Monday, August 17, 2009

Speaking of Georgetown...

Potomac River and C&O canal in Georgetown circa 1862

Now that DC tourist season is in full swing, one of the places in the city most certain to be teeming with visitors is chic, glamorous Georgetown. Home now to elite DC residents, charming old houses, expensive restaurants, and of course – Banana Republic, the Georgetown of today is a symbol of Washington old money and power. It is however, amusing, to imagine the thoughts of the port city’s original inhabitants if they knew that their modest dwellings and butcher shops were now home to upscale boutiques and outrageously priced frozen yogurt shops. I am of course embellishing, to a point. There always were large houses on the hillside that led up from the Potomac river basin into Maryland, but the areas closest to the river – today’s K and M streets – were originally filled with the simple structures of a working port city and Washington’s only claim at a manufacturing history.

British settlers arrived in the area in 1696 and immediately drove away all of the Nacotchanke Indians who maintained a small village in the area. Perfectly situated on the river to receive and send off the shipments of Maryland and Virginia tobacco headed for the homeland (Europe), Georgetown eventually became one of the largest tobacco ports in the colonies. The town was incorporated in 1751 as part of the British colony of Maryland, and contrary to popular belief, named not for soon to be first president George Washington, but for King George II of Great Britain. (Although there is some speculation that it was possibly named for land-owners George Gordon and George Beall). The Old Stone House, the oldest house in the District of Columbia, was built during this period of Georgetown’s history, and is maintained today by the National Park Service as a rare survivor of colonial Washington.

After the American Revolution, the city was incorporated into the District of Columbia in 1791 in a deal reached at the well-known Suter’s Tavern, a frequent haunt of George Washington. The location of Suter’s Tavern is today unknown, but the most likely location is thought to be on K Street, underneath what is now the AMC movie theater. (Perhaps why they can get away with charging $20.00 for a movie and popcorn?) Shortly after, Georgetown reached an early heyday, with money pouring in from the ports and high profile DC residents like Thomas Jefferson and Francis Scott Key purchasing properties in the area. Water powered mills, producing mainly flour and other processed grain, also brought money and work into the area, including droves of slaves, who are a long forgotten part of Georgetown’s past.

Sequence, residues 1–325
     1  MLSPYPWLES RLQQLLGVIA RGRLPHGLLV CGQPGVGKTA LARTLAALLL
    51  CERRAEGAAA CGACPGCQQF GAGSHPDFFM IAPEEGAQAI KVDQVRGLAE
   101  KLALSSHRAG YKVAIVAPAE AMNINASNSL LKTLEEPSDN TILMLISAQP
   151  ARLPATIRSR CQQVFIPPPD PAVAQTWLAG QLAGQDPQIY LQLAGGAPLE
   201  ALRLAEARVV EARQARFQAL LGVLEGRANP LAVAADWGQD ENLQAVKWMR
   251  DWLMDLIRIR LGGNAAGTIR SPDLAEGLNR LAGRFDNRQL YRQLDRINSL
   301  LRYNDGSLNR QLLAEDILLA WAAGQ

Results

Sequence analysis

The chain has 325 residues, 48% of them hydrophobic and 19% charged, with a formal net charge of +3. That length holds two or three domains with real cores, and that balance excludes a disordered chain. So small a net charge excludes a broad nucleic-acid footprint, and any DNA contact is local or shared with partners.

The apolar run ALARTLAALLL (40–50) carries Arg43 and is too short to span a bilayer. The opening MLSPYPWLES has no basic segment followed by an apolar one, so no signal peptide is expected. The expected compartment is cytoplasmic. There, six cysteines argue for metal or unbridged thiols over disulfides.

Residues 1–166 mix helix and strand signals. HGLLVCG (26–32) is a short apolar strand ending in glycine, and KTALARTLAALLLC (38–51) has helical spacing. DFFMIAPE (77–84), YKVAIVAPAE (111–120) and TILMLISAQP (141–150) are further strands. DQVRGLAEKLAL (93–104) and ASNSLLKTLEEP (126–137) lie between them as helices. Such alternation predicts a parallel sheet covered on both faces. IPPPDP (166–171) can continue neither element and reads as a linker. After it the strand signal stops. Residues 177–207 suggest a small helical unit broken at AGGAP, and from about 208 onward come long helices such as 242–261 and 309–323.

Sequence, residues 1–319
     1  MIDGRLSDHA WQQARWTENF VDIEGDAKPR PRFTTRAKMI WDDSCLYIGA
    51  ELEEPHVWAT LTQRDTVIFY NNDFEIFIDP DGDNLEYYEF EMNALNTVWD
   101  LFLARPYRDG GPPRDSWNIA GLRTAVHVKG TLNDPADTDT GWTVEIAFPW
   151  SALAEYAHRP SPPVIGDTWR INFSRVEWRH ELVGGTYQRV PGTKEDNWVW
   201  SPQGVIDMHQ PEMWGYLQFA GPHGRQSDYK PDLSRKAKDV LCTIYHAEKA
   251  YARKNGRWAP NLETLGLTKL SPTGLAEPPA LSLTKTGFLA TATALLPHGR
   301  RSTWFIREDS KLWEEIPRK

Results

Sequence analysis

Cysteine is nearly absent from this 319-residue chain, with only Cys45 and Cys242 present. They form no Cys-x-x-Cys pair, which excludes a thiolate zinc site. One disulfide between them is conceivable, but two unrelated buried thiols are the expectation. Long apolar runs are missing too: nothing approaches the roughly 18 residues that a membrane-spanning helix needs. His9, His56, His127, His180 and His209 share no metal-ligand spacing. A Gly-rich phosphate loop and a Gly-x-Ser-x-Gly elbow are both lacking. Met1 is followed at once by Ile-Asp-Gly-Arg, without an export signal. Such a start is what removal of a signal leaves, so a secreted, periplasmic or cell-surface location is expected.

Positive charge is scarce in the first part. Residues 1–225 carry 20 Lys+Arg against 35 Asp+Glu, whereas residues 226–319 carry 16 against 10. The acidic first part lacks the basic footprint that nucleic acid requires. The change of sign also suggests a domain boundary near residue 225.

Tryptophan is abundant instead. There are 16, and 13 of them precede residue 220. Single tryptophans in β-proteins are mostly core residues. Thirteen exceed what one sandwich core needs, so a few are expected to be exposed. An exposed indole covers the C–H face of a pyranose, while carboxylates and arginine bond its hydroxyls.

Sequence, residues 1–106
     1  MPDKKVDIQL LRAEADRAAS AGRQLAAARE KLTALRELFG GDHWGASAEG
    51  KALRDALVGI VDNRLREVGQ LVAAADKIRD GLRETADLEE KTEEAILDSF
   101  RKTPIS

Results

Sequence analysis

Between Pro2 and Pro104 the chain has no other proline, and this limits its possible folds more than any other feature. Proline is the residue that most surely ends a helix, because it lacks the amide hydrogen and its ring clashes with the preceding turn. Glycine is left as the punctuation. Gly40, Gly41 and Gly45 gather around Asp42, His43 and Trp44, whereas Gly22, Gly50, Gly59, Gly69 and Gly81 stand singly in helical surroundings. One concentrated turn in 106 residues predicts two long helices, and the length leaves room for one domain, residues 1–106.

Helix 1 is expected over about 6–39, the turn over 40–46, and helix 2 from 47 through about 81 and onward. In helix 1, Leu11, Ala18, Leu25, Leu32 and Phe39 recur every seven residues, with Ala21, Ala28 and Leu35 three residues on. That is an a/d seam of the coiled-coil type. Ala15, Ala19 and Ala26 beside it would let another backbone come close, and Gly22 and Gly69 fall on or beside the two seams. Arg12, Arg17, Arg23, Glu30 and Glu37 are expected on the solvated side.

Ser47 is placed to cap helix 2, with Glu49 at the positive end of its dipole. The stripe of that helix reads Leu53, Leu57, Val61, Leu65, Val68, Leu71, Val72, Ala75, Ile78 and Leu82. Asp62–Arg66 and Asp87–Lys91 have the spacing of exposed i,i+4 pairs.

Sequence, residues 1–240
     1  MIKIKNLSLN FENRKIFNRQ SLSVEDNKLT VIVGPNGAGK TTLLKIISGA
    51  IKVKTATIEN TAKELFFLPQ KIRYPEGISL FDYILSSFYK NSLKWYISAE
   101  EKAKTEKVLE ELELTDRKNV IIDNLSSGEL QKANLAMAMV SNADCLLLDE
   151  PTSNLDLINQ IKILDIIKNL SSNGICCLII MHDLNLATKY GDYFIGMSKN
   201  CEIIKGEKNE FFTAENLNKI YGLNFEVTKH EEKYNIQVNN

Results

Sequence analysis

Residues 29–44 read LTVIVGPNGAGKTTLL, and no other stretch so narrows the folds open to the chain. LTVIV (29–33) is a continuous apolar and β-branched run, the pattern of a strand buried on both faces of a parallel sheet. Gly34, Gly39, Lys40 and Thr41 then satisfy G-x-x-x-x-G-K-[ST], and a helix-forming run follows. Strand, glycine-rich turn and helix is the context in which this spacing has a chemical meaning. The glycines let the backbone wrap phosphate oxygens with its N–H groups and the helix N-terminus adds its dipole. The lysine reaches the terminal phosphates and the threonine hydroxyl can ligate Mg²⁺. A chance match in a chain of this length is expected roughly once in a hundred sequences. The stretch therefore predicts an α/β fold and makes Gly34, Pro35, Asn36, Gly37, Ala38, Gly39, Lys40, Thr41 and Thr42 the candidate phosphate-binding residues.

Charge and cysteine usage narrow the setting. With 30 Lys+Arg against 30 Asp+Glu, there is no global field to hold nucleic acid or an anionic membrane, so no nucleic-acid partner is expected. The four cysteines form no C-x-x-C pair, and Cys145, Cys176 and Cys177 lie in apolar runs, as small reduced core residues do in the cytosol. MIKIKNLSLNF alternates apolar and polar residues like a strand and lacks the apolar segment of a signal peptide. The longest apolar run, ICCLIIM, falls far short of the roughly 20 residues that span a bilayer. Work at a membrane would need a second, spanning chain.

The heyday was unfortunately a little short lived, as the Potomac River began to silt up (some speculate because of the increased traffic and manufacturing in the area) and merchant boats were no longer able to make it all the way up to Georgetown. The early solution to the problem was the construction of the C&O Canal, which connected the District with Harper’s Ferry in West Virginia. The success of the canal kept Georgetown afloat through most of the 19th century, but by the 1880s the problems with the river were again severe, and in 1890 a massive flood virtually destroyed all travel along the canal.

As the trade and manufacturing left, Georgetown became what can only be called a slum, with a large portion of its population consisting of the poverty stricken African American workers who had no place to go once their jobs were gone. They continued to live in cramped housing on K and M streets, and much of the structures that still remain there today - in what is now the heart of historic Georgetown – survived simply because there was no money to do anything else with them.

Meanwhile, in upper Georgetown near Rock Creek Park, luxury apartment buildings began to go up in the 1920’s and construction slowly made it’s way down towards the Potomac. In the 1930’s the area was given a new cache when President Franklin Delano Roosevelt purchased a home there. In the 1950’s a historic neighborhood association was formed to protect the area’s wealth of historic properties, and in the 1960’s Georgetown was effectively saved when John F. Kennedy, who owned a home there while serving as a Congressman, was elected President. Today the magnificent homes in Georgetown remain populated by the DC elite, and the port city-turned slum town-turned new Apple store location of K and M streets continues to attract the trade and commerce of visitors from around the world.

Photo Source: National Archives and Records Administration


Ecker, Grace Dunlop (1933). A Portrait of Old Georgetown. Garrett & Massie, Inc..

Mitchell, Alexander D (2000). Washington DC Then and Now. Thunder Bay


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